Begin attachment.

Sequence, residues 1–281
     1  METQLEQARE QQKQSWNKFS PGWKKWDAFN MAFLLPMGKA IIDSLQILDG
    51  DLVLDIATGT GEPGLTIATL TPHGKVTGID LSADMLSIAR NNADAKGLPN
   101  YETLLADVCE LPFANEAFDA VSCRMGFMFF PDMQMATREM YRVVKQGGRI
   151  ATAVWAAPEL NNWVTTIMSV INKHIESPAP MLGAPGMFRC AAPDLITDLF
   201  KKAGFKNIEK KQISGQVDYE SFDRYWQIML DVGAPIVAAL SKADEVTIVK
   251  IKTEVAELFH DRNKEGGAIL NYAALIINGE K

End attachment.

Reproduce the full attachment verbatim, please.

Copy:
Sequence, residues 1–281
     1  METQLEQARE QQKQSWNKFS PGWKKWDAFN MAFLLPMGKA IIDSLQILDG
    51  DLVLDIATGT GEPGLTIATL TPHGKVTGID LSADMLSIAR NNADAKGLPN
   101  YETLLADVCE LPFANEAFDA VSCRMGFMFF PDMQMATREM YRVVKQGGRI
   151  ATAVWAAPEL NNWVTTIMSV INKHIESPAP MLGAPGMFRC AAPDLITDLF
   201  KKAGFKNIEK KQISGQVDYE SFDRYWQIML DVGAPIVAAL SKADEVTIVK
   251  IKTEVAELFH DRNKEGGAIL NYAALIINGE K